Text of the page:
School choice saves public education, in Edmonton and Boston

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Edmonton, Alberta’s Angus McBeath is back in town this week, which is good news for the Commonwealth’s public school students – though it’s too bad they won’t get to see him. Pioneer is reintroducing Mr. McBeath to education policy leaders in Springfield and Holyoke, and at the Boston Foundation and BU, and his message deserves to be heard:

Teaching is the most important paid work in society.
– Angus McBeath, from 2005 Lovett C. Peters Lecture in Public Policy

As the Superintendent of Edmonton’s public schools, Mr. McBeath presided over dramatic systemwide reforms. Each school’s performance was measured, and that data was made available to parents, who could then choose any school they wanted for their child. District funding followed children to the most effective schools.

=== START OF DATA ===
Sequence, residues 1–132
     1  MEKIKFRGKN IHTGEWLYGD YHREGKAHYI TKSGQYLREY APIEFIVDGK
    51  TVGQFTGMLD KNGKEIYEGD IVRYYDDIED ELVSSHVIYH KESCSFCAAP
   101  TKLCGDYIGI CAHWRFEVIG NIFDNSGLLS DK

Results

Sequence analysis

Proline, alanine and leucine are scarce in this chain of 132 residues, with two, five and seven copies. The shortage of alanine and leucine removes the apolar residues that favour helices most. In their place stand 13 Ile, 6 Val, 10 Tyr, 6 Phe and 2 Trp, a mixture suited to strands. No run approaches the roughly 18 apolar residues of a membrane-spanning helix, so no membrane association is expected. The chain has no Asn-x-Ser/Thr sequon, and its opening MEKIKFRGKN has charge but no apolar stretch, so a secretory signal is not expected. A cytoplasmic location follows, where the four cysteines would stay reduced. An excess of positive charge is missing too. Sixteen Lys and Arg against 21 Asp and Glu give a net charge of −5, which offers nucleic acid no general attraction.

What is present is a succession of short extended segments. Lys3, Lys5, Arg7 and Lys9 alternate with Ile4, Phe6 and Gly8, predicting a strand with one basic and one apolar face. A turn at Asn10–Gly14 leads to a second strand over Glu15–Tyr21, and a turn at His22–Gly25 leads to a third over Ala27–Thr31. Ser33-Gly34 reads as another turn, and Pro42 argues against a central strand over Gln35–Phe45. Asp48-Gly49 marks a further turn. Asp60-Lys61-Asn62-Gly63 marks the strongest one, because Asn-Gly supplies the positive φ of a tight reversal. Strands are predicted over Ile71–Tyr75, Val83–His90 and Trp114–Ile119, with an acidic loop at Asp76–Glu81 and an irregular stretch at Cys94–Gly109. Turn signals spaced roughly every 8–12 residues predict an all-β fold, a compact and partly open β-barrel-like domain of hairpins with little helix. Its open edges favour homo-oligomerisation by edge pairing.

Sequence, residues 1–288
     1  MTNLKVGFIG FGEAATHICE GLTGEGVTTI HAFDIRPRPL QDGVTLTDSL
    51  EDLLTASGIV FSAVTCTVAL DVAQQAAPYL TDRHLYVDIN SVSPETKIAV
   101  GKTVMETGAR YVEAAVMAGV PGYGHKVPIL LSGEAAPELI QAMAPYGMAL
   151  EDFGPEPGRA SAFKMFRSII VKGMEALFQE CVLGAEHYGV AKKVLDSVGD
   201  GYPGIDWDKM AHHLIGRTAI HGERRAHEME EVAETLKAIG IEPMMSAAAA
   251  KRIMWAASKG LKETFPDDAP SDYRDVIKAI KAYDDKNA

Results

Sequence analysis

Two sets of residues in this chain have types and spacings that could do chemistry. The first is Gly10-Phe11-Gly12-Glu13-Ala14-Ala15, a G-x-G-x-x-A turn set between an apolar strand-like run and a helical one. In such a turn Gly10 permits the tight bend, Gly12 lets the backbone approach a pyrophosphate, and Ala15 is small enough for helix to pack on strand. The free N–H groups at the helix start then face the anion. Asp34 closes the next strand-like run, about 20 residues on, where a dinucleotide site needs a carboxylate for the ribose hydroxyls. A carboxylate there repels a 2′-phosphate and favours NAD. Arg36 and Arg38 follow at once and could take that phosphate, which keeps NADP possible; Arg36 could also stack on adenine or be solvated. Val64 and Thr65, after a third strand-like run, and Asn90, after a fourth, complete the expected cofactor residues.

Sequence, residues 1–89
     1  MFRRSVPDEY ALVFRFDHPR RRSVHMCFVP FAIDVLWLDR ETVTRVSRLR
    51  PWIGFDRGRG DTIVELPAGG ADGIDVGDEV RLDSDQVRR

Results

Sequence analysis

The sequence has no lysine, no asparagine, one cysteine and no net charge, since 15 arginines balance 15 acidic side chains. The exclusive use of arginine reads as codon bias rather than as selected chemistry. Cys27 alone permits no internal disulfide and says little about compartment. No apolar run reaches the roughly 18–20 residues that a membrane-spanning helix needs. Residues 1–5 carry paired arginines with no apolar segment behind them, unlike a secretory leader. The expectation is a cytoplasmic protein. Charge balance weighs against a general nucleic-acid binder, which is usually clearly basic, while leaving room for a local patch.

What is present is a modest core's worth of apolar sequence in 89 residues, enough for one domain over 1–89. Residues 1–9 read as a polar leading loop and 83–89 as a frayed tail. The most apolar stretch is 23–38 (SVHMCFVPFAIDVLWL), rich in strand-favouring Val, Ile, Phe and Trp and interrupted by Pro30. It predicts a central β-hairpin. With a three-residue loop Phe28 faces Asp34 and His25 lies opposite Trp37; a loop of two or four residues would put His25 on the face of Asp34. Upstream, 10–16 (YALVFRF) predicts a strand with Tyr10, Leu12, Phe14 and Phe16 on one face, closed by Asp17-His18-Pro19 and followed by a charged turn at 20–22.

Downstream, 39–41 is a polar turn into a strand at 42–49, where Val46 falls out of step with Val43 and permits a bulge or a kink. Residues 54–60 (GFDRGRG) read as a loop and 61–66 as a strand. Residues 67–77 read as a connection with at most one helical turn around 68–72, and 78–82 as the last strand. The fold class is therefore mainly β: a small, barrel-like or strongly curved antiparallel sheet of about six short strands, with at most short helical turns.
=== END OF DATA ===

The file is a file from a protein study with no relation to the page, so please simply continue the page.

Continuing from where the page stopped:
It sounds impossible, but it worked. Edmonton’s efforts elevated the teaching profession, as every school improved, because it had to. Of course, it’s assumed that such transformation could never happen here. Inertia and bureaucracy are blamed for the persistent failure of urban public education, but Mr. McBeath rejects such excuses:

School districts rarely want to be truly reformed because the ruling class of any system never wants to reform anything that reduces its power and authority, although they say they do.

As Mr. McBeath meets this week with policy analysts and professors, keep in mind that all the arcana of the education debate surrounds one simple question:

Whose schools are they?

If we believe they belong to parents, students, and the teachers they need, then our schools should get to know Mr. McBeath’s ideas a little better.